The National Beef Cattle Evaluation Consortium (NBCEC) has encouraged discussion about how to develop DNA tests to improve the accuracies of EPDs for breeds other than Angus. One of the requirements in DNA test development is access to a large training population of genotyped animals from the target breed or its crosses. Some breed associations (Hereford, for example) are starting to develop such populations with an eye toward developing breed-specific DNA tests. A similar approach is being implemented in Australia where breed associations are establishing reference populations to provide training and validation populations for breed-specific DNA test development.
It’s becoming increasingly clear that to obtain accurate DNA tests, it’s necessary to train on large numbers of records. The dairy industry is currently training on records from tens of thousands of animals including well-proven Holstein sires to obtain their genomically enhanced predictive values. Obtaining similarly large numbers of records from breeds other than Angus poses a challenge for the beef industry.
The recent development of a high-density (~700K SNP) bovine marker panels provides a potential solution.
With the 50K marker panel, as shown in Figure 2, a marker associated with a trait in one breed may not have the same association in another breed. The reason is that the marker is often located a “long way” from the gene and so it’s not found to be associated in all breeds with the variant of the gene that is causing the effect. By increasing the number of SNP markers to 700 K, markers are more closely spaced and there is a greater likelihood of finding SNPs that are close to the gene (red markers in the diagram), and hence the marker will “work” in both breeds.
These high-density bovine marker panels provide an opportunity for breeds to pool information. Developing large multi-breed training data sets may collectively improve the accuracy of tests for all breeds, more than any single breed can do on its own due to the larger number of combined records.
These high-density panels come with increased cost ($200-$300 each), but this price will likely drop in the future. Ultimately the availability of high-density arrays may enable the use of DNA test information to improve EPD accuracy for many breeds of cattle, including those with a relatively small number of performance-recorded animals.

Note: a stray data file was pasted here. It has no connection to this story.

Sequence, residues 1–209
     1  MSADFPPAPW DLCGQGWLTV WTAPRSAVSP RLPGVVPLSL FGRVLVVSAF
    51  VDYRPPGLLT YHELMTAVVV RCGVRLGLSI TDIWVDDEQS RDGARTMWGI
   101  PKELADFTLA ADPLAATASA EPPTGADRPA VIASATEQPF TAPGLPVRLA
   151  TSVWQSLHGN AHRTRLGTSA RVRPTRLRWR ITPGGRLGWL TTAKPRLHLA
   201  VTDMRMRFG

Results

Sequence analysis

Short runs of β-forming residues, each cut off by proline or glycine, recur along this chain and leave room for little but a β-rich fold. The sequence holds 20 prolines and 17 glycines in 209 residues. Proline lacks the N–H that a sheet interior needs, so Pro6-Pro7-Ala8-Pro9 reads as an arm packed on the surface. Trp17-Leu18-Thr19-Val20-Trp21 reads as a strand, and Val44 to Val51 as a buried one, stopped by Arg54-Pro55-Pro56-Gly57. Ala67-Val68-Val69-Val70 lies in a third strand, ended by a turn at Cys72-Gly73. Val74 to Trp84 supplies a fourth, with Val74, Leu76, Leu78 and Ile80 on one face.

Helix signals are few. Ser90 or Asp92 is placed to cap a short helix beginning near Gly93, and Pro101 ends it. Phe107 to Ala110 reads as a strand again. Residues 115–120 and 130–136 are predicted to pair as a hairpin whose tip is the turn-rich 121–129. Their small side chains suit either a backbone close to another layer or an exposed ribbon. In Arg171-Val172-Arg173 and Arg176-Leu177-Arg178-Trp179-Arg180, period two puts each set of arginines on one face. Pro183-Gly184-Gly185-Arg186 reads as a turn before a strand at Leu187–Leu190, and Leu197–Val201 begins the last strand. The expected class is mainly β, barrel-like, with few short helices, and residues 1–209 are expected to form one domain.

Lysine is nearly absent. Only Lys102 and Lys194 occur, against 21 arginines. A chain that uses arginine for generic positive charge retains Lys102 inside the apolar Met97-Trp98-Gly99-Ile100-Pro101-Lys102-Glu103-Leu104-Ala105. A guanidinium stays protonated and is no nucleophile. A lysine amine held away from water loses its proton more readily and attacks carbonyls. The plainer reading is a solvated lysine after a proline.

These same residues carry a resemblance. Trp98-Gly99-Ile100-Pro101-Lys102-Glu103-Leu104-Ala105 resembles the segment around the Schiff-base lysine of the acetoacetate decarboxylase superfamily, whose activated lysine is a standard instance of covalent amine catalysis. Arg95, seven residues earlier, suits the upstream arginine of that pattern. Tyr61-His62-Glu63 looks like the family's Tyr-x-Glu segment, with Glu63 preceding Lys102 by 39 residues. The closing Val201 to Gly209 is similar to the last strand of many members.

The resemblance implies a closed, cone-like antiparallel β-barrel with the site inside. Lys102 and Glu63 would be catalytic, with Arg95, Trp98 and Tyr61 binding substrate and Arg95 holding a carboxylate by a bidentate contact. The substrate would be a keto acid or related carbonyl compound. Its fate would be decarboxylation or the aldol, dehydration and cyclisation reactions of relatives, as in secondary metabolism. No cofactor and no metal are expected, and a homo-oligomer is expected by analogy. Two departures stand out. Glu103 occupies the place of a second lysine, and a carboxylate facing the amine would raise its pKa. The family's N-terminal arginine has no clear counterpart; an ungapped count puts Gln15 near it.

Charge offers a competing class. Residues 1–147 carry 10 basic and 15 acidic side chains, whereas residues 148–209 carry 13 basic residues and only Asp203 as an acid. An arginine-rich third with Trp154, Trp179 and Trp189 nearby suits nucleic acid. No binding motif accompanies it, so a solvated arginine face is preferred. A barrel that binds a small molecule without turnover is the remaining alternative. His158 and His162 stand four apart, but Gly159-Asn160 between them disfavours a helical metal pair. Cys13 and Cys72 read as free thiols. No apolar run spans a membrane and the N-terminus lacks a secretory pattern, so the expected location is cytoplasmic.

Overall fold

Although this field is evolving quickly, the ultimate goal for using genomics remains the same, and that is to cost-effectively improve accuracy of EPD produced in National Cattle Evaluation (NCE). As outlined by BIF, “information from DNA tests only has value in selection when incorporated with all other available forms of performance information for economically important traits in NCE, and when communicated in the form of an EPD with a corresponding BIF accuracy. For some economically important traits, information other than DNA tests may not be available. Selection tools based on these tests should still be expressed as EPD within the normal parameters of NCE.”
a. Heritability from http://www.angus.org/Nce/Heritabilities.aspx; or literature estimates.
b. MacNeil, M. D., S. L. Northcutt, R. D. Schnabel, D. J. Garrick, B.W. Woodward, and J. F. Taylor. 2010. Genetic correlations between carcass traits and molecular breeding values in Angus cattle. 9th World Cong. Genet. Appl. Livest. Prod. Leipzig, Germany. August 2010.
c. Pfizer Animal Genetics. 2010. Technical Summary. http://www.pfizeranimalgenetics.com/sites/PAG/Documents/50K Tech Summary.pdf
d. Animal Genetics and Breeding Unit (AGBU). 2010. Evaluation of Pfizer Animal Genetics HD 50K MVP Calibration. http://agbu.une.edu.au/pdf/Pfizer_50K_September 2010.pdf